DENVER— In a move that could threaten the state's entire legal-marijuana system, a Colorado lawyer claims that requiring pot companies to pay taxes violates the US Constitution.
Attorney Rob Corry is asking the Denver District Court to block marijuana taxes in Colorado, with a lawsuit Colorado's tax system violates the Fifth Amendment, which protects people from self-incrimination.
Corry argues that when marijuana growers and sellers pay their taxes, they effectively incriminate themselves under federal law, which still bans marijuana.
Tax lawsuit threatens Colorado marijuana sales. 9News at 5pm. 06/10/2014. KUSA
Corry says he's concerned that the taxes on pot are so heavy that they undermine the goal of legalizing the drug in the first place.
"It's pretty clear that the black market never going to go away with these taxes," said Corry, who is seeking a preliminary injunction to block the state from collecting tax on pot as part of his case.
If the injunction is denied, Corry tells 9NEWS he'll advise pot shops to stop paying their taxes, a move that would likely prompt the state to suspend their retail licenses.
Supporters and opponents of the lawsuit agree that the case threatens the entire state-sanctioned marijuana industry, not just the shops Corry represents.
The lawsuit invokes the supremacy clause of the US Constitution, arguing "federal law is supreme over, and preempts, state or local law."
A strict interpretation of that argument could pave the way for Colorado's own court system to find its state system for selling pot illegal.
Corry called that an outside chance, but didn't seem concerned at the possibility.
"In my mind overtaxation is just as bad as prohibition," Corry told 9NEWS.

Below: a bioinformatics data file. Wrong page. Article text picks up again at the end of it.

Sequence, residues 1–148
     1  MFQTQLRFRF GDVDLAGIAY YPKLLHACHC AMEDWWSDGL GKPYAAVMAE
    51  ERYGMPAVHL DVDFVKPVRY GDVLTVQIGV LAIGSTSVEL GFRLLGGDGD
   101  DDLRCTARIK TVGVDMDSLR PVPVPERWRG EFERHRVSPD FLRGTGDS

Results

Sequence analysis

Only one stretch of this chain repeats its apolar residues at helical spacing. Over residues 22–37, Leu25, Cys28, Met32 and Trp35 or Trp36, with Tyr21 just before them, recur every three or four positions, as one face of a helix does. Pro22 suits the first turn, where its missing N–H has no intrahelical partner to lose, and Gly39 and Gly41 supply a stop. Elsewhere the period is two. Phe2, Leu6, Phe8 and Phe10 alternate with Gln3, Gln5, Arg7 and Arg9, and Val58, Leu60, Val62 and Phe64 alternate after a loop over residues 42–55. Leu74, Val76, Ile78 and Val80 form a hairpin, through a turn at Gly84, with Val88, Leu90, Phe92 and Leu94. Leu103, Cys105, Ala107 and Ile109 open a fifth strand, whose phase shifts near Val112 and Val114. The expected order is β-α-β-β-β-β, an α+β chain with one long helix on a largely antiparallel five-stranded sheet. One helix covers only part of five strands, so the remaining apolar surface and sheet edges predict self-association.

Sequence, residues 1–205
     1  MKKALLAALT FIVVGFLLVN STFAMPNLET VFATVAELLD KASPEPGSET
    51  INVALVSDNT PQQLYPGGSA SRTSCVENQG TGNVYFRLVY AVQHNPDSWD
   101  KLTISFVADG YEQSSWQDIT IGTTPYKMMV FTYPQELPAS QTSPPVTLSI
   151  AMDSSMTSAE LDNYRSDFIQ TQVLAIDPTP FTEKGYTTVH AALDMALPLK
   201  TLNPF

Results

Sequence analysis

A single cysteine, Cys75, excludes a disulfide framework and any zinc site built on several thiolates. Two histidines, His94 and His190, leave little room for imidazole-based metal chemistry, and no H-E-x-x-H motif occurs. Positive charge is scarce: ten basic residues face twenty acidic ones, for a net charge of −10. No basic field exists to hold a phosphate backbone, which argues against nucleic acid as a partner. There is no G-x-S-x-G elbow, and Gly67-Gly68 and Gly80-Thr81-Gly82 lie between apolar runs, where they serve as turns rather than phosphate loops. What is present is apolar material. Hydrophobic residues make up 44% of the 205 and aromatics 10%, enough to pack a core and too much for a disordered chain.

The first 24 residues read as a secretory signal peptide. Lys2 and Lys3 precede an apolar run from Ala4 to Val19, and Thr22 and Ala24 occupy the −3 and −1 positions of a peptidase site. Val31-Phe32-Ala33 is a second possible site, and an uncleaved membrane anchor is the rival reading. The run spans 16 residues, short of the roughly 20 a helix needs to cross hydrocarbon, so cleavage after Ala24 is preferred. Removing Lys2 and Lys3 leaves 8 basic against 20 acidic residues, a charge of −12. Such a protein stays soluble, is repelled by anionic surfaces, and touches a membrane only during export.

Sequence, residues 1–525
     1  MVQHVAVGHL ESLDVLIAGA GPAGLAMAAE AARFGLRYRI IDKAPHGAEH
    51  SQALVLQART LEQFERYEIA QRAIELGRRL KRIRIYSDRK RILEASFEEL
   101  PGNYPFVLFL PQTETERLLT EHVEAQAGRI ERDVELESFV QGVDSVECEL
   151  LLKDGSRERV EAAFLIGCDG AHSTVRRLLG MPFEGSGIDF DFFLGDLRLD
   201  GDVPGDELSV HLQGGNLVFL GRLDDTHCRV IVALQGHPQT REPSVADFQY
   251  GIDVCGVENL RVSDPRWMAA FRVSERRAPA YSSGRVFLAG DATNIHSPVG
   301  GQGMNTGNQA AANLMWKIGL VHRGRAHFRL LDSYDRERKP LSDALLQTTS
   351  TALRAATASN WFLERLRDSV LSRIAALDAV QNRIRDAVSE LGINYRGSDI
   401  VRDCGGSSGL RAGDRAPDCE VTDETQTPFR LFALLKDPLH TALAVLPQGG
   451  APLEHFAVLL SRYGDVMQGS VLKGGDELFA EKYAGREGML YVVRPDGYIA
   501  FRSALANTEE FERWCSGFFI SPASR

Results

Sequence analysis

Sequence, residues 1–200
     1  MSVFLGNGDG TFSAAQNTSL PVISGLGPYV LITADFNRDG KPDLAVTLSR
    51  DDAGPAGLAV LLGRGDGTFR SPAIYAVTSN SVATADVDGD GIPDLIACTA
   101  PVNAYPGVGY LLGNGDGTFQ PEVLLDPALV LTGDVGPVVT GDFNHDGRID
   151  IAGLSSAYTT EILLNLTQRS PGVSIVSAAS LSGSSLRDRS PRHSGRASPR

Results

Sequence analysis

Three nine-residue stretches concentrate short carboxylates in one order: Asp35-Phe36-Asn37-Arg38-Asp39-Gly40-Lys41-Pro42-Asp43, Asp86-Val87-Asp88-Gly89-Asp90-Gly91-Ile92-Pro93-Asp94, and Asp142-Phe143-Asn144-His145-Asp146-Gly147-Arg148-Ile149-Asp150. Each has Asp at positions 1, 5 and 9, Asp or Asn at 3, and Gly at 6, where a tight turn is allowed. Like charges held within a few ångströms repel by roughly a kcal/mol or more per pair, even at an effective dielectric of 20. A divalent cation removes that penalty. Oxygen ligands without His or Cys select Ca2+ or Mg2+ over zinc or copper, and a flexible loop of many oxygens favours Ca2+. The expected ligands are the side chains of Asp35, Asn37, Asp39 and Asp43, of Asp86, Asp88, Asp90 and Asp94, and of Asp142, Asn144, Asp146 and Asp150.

Other pro-marijuana attorneys tell 9NEWS they are studying the suit, concerned about the wider impact it could have.
"It is a bit of a reckless argument," said Brian Vicente, a prominent lawyer on marijuana issues. "There's a small chance that a judge may decide to follow through on the supremacy clause and question the validity of this program. We think that's a very marginal chance at best."
The state attorney general's office scoffed at the lawsuit.
"Mr. Corry's claims are bizarre and lack legal and logical consistency," said Carolyn Tyler, spokesperson for Attorney General John Suthers. "We will aggressively defend the state against any legal challenge."
Corry, who has had his own legal troubles with marijuana, is used to butting heads with government officials and even other pro-marijuana activists.
He made headlines for handing out free joints as part of his fierce opposition to the 2013 ballot question which enacted state taxes on marijuana, a move critics say resulted in more scrutiny and stricter local regulations of marijuana from the city of Denver.
Opponents of the tax question were upset that lawmakers included a sales tax not originally envisioned by Amendment 64, but Colorado voters approved the amendment by a 2-1 margin.
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